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Mary in the Bible (Part 7)

September 30, 2006

Zechariah’s Pomp and Doubt Illuminating Mary’s Simplicity and Faith

Part 1: Introduction
Part 2: Preliminaries
Part 3: Mary in the Gospel of Mark
Part 4: Mary in the Galatians and the Gospel of Matthew
Part 5: The “Firstborn” of Mary
Part 6: The Archangel Gabriel Sent to Mary

We left off noting the differences between Gabriel’s visits to Zechariah and Mary. These contrasts are key to understanding Luke’s intentions for Mary. In my previous post, I noted that the angel Gabriel commits to Mary the message of salvation and the announcement of the Son of God’s birth. Because Mary is the only one who receives explicitly the message of the angel, she is the only witness to the event of Jesus’ miraculous conception. As a woman of first-century Judaism, her word as witness would carry virtually no authority or weight, and yet Luke deliberately depicts the Virgin from Nazareth as the sole witness to the advent of salvation. Thus, from the onset, the Gospel of Luke points to Mary in a unique, special manner whose full meaning is brought out only within the greater scope of the Gabriel’s dual annunciations and the visitation of Mary and Elizabeth.

I have mentioned several times how important it is to keep the contexts and traditions in mind while reading the New Testament, particularly the Gospels. Indeed, the Evangelists as well as Paul assume much from their audiences by way of familiarity with the Hebrew Scriptures (Old Testament). These New Testament authors quote explicitly from the Hebrew Scriptures, but also they often use signal-words that a first-century Jewish Christians would immediately catch. Unfortunately, most Christians—Protestant and Catholic—do not pick up on this deliberate use of Hebrew images and phrases due to a lack of acquaintance with the Old Testament, its history and its themes. Luke’s Gospel is littered with such images, so it is imperative that the Christian be consciously aware of his style, his references and his narrative structure.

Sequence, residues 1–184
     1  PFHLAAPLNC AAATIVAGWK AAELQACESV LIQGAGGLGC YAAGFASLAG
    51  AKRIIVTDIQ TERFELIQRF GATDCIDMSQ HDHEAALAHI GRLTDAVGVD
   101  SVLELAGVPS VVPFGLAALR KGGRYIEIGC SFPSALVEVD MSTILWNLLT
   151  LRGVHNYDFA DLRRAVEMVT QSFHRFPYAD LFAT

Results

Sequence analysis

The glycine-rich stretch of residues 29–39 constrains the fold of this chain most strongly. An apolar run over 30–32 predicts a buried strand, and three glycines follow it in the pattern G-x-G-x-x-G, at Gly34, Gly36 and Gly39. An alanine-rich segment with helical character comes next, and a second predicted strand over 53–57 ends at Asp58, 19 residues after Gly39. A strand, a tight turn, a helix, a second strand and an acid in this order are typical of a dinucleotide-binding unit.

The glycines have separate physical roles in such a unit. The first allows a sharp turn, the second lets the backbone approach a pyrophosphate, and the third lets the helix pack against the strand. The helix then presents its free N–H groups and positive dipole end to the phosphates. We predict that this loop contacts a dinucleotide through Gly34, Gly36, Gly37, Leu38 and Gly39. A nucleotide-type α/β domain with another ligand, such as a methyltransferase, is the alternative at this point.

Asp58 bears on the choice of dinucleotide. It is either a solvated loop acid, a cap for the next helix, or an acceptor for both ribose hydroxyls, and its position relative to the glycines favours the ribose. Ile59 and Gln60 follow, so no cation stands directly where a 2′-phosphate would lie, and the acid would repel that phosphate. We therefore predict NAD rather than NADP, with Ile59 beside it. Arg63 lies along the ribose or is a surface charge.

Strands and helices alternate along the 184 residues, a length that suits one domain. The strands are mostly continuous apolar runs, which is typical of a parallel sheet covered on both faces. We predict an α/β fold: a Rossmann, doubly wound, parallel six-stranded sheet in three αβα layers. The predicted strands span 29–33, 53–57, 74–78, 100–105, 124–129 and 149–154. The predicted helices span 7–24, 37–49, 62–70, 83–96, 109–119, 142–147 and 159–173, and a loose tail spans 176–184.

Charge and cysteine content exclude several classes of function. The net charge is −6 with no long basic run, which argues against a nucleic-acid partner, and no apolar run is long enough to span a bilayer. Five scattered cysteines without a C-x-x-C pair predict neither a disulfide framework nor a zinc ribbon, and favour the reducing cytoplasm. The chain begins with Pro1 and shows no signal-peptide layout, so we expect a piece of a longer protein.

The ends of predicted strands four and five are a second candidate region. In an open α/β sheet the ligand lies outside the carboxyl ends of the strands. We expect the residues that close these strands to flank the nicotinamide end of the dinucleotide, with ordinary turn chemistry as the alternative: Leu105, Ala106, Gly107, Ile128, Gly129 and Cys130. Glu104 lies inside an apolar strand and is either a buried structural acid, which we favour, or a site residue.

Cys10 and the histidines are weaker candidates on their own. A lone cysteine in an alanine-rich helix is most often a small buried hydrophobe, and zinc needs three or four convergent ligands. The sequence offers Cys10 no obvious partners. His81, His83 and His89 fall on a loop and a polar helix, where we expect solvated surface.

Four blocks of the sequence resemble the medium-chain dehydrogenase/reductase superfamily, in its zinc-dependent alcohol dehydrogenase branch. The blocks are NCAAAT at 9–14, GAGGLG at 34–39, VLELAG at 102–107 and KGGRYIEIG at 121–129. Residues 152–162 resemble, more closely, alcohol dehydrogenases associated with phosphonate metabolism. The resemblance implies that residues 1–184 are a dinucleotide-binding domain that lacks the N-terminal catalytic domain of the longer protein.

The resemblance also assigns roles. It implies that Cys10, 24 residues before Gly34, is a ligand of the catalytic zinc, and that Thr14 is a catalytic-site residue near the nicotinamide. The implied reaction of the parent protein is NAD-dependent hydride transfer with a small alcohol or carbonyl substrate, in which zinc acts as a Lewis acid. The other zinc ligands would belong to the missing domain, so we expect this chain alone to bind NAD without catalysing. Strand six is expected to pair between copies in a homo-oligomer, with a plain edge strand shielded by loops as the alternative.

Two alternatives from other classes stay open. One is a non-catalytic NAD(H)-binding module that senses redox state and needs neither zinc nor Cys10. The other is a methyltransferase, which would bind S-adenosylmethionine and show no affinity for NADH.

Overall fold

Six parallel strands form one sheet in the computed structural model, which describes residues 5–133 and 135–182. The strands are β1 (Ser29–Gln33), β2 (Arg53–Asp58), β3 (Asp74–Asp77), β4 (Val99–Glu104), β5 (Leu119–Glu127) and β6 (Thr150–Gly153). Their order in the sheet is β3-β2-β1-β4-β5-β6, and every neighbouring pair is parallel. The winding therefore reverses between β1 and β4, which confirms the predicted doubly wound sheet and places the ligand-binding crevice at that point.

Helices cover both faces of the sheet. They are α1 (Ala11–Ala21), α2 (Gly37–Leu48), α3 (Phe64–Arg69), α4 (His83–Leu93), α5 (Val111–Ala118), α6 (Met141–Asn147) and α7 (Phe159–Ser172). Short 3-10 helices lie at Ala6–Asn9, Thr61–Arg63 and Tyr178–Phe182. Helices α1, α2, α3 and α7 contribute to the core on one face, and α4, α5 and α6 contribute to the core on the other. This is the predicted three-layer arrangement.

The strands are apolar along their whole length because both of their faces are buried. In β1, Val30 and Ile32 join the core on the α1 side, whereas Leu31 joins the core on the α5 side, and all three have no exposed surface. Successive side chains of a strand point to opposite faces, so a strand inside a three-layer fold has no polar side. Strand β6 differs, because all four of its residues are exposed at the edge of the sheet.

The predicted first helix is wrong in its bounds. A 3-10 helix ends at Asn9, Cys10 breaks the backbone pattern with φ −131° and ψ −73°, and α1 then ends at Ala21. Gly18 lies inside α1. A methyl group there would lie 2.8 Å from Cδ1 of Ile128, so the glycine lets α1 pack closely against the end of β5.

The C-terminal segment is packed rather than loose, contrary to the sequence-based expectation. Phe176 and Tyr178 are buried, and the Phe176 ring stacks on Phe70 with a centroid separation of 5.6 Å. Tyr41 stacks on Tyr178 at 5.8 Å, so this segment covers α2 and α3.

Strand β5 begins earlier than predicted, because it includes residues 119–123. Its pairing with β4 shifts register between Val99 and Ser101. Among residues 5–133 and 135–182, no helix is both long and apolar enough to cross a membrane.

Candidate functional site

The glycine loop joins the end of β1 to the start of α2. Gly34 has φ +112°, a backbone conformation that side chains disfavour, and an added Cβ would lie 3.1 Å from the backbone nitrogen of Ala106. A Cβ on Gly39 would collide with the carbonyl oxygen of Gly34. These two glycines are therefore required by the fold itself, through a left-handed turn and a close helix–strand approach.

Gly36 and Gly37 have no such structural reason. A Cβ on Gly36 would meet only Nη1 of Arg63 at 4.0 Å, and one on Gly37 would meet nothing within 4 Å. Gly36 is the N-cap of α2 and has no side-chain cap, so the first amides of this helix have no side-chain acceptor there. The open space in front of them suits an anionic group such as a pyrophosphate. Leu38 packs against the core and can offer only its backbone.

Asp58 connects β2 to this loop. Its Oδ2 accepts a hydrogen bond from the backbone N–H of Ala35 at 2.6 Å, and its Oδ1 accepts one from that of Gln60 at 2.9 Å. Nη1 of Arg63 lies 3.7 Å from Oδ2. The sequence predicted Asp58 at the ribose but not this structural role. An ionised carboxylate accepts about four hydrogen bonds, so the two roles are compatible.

Looking at the event of Gabriel’s appearance to Zechariah, we see that Jewish imagery and traditions abound. Zechariah, we are told, is a priest of the “priestly division of Abijah” (Lk 1:5). Luke imports here a Jewish tradition by mentioning the priestly division to which Zechariah belonged. The “division of Abijah” was the eighth of the twenty-four divisions of the Jewish priesthood. Each priestly division served in the temple of Jerusalem for a week’s duration, twice a year. In Luke’s narrative, Zechariah is entering the sanctuary to burn incense, which was a priestly tradition since the time of Moses. Luke wants us to recall the order of God to Moses from Exodus 30:7-8: “On it (the altar of incense) Aaron shall burn fragrant incense. Morning after morning, when he prepares the lamps, and again in the evening twilight, when he lights the lamps, he shall burn the incense.”

Luke is drawing our attention back to God’s original decree to the people of Israel to construct the sanctuary and its furnishings (Ex 25-30). When we return to these chapters, we gain an understanding of precisely what is happening in Luke 1:5-25. Luke portrays Zechariah performing the priestly duties within the marked dwelling and sanctuary of God. However, there is a holy object conspicuously missing from the sanctuary, an object of which the Jews were aware since the time of their people’s return from Babylonian exile. When the Jews restored the Temple under the leadership of Ezra, they were able to restore the altar of incense (Ezr 3:1-6) and the Temple with its sanctuary (Ezr 3:7-13), but the Ark of Covenant was lost. Thus, since the time of Ezra up to the time of Zechariah, the Ark of the Covenant had not been part of the Jewish Temple worship even though the ark was the center point of the worship (Ex 30:1-6). Luke understands this and implicitly states as much by mentioning all the major features of the sanctuary, with the exception of the Ark. This omission would not be lost on a first century Jew.